Design for human ecosystems: Landscape, land use and natural resources

Design for human ecosystems: Landscape, land use and natural resources

291 HUMAN ECOSYSTEMS Design for Human Ecosystems: Landscape. Land Use and Natural Resources by John Tillman Lyle. Van Nostrand Reinhold. New York, 1...

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Design for Human Ecosystems: Landscape. Land Use and Natural Resources by John Tillman Lyle. Van Nostrand Reinhold. New York, 1985, price E37.50, ISBN 0-44225943-3. In Design for Human Ecosystems, the overall intent of the book is to describe a methodology and techniques for shaping the landscape, developing land use policies/decisions and managing natural resources in ways which are compatible (sustainable) in the same context as natural ecosystems. A major premise to Lyle’s thesis is the acceptance of Eugene Odurn’s division of the total landscape into a series of basic ecological roles. Odum’s four categories are as follows: the production areas; the protective or natural areas; the compromise areas; the urban industrial areas. If we accept these categories, as Lyle does, the most pressing and challenging planning/design issues are therefore found in those “compromise zones”. To the author, the term “human ecosystems” is much more appropriate for those areas where humans and natural processes interact. The author points out that we must recognize that “when we make a plan for a piece of land. or even alter it in a seemingly minor way, we are designing an ecosystem”. Therefore any design decision will generate a cause and effect relationship that must be understood even if only in a very general way. It is through these predictive techniques that one can monitor a landscape ecological process and ultimately determine the best management philosophy or direction. It seems that the importance of ecological principles and their role in the planning/design process might offer a new direction or era for the profession. Ecological issues and their relationship to planning and design have been an important component of the design pro-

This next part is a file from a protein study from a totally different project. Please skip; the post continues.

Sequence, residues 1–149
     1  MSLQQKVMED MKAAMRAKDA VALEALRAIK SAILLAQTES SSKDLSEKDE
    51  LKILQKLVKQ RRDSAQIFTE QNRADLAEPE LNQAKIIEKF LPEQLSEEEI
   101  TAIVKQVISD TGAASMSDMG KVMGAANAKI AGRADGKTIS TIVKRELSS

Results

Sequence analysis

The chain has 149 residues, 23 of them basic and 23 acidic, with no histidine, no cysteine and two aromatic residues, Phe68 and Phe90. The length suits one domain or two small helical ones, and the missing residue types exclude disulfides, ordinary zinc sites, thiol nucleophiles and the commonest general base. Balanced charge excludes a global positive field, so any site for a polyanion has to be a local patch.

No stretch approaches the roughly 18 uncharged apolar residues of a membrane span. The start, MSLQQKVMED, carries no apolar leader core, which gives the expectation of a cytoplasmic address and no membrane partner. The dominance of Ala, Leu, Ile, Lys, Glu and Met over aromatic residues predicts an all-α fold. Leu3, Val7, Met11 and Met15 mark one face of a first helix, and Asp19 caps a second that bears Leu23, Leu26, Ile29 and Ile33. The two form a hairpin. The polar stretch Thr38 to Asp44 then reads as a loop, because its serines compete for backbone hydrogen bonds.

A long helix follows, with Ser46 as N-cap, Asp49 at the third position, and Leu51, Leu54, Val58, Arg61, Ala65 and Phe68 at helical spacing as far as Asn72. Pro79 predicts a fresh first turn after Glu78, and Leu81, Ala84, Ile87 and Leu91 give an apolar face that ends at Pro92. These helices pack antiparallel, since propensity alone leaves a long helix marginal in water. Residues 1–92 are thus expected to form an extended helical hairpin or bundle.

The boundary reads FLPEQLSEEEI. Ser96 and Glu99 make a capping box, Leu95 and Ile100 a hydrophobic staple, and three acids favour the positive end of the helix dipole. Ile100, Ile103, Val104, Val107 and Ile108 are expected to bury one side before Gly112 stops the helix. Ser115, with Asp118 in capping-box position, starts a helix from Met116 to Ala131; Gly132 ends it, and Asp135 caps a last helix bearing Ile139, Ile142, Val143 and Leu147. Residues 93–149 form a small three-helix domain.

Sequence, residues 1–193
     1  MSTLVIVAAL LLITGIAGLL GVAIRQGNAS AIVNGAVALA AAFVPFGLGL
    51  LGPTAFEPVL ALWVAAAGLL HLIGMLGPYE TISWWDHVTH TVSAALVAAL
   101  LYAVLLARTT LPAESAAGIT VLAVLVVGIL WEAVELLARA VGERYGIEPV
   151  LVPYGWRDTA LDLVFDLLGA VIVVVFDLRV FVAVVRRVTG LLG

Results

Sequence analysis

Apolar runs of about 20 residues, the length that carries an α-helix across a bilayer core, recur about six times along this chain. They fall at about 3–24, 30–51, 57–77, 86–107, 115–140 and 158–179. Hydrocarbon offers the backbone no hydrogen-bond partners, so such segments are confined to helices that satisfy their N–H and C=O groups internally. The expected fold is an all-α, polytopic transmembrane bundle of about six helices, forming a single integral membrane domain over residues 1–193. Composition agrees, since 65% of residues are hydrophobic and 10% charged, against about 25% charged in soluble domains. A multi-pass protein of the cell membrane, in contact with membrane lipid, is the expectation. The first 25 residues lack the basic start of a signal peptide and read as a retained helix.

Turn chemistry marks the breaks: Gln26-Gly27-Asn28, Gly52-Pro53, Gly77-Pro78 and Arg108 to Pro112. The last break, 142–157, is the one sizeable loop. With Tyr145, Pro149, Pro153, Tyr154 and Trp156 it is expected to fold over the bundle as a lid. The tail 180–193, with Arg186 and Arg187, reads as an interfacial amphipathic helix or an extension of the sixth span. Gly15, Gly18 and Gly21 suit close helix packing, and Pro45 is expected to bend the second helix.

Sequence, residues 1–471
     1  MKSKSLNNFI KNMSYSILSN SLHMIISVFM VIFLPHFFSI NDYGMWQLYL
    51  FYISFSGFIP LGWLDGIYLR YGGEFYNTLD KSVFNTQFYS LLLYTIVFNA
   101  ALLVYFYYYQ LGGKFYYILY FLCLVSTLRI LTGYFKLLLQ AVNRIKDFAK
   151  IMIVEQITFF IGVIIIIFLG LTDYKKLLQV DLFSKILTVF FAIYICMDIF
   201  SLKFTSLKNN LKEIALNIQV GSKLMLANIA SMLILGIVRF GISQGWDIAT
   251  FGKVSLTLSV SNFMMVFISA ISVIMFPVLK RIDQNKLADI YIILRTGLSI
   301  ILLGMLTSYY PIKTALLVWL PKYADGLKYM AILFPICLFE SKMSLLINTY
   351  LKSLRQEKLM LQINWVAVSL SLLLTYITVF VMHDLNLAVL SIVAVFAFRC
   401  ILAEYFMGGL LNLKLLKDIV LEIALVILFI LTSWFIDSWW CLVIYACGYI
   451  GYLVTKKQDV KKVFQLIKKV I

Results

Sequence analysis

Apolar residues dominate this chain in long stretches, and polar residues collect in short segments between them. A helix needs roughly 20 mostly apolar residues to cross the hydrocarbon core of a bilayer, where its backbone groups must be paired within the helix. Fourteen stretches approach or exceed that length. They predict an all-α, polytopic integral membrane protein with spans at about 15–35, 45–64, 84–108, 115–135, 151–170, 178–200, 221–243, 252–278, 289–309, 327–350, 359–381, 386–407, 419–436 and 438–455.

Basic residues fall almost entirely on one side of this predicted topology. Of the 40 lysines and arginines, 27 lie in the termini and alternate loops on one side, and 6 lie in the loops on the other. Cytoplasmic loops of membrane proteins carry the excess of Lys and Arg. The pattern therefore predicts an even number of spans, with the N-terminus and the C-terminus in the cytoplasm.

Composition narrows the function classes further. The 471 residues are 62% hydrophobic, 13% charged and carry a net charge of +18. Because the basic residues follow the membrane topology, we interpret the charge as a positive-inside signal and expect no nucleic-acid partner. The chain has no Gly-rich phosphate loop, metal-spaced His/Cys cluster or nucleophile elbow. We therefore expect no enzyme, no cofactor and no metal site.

cess, and no doubt will aid in the nurturing of landscape architecture as a discipline. In 1986, Design for Human Ecosystems received a Merit Award for Communication from the American Society of Landscape Architects’ Awards Jury (refer to Landscape Architecture, September-October, 1986, Vol. 76, No. 5, pp. 106 and 111). Comments by the jury included: “ . ..a wonderfully timely analysis for working ecosystems created by chance or by design” and “... it will serve a real role in the classroom”. The book is well written in a format that is easy to read, with excellent hand-drawn black and white illustrations, computer maps, graphs, charts and tables to illustrate specific processes. Eighteen case studies, located primarily in the western region of the United States, are used to illustrate specific points on how ecological processes, energy and nutrient flows are incorporated into the design process; from policy decisions to site selection and management decisions. The case studies are an outgrowth of two experimental design groups: the Laboratory of Experimental Design and the 606 Graduate Design Studio at California State Polytechnic University in Pomona, California, U.S.A. The book is divided into three major sections: “Scales of Concern”, “Design Processes and Methods”; “Modes of Ecological Order”. An excellent sense of continuity exists between each section and chapter as well as on the jacket cover (designed by John Odam) which is highly appropriate to the content. In Part One, entitled “Scales of Concern” (Chapters 2, 3, 4 and 5 ), the primary focus is on the relationship of scales in the design process. Lyle briefly discusses James Feiblemen’s “Theory of Integrative Laws” which includes twelve “laws” and six “rules” as a basis for defining hierarchical relationships between various planning and design scales. Feiblemen’s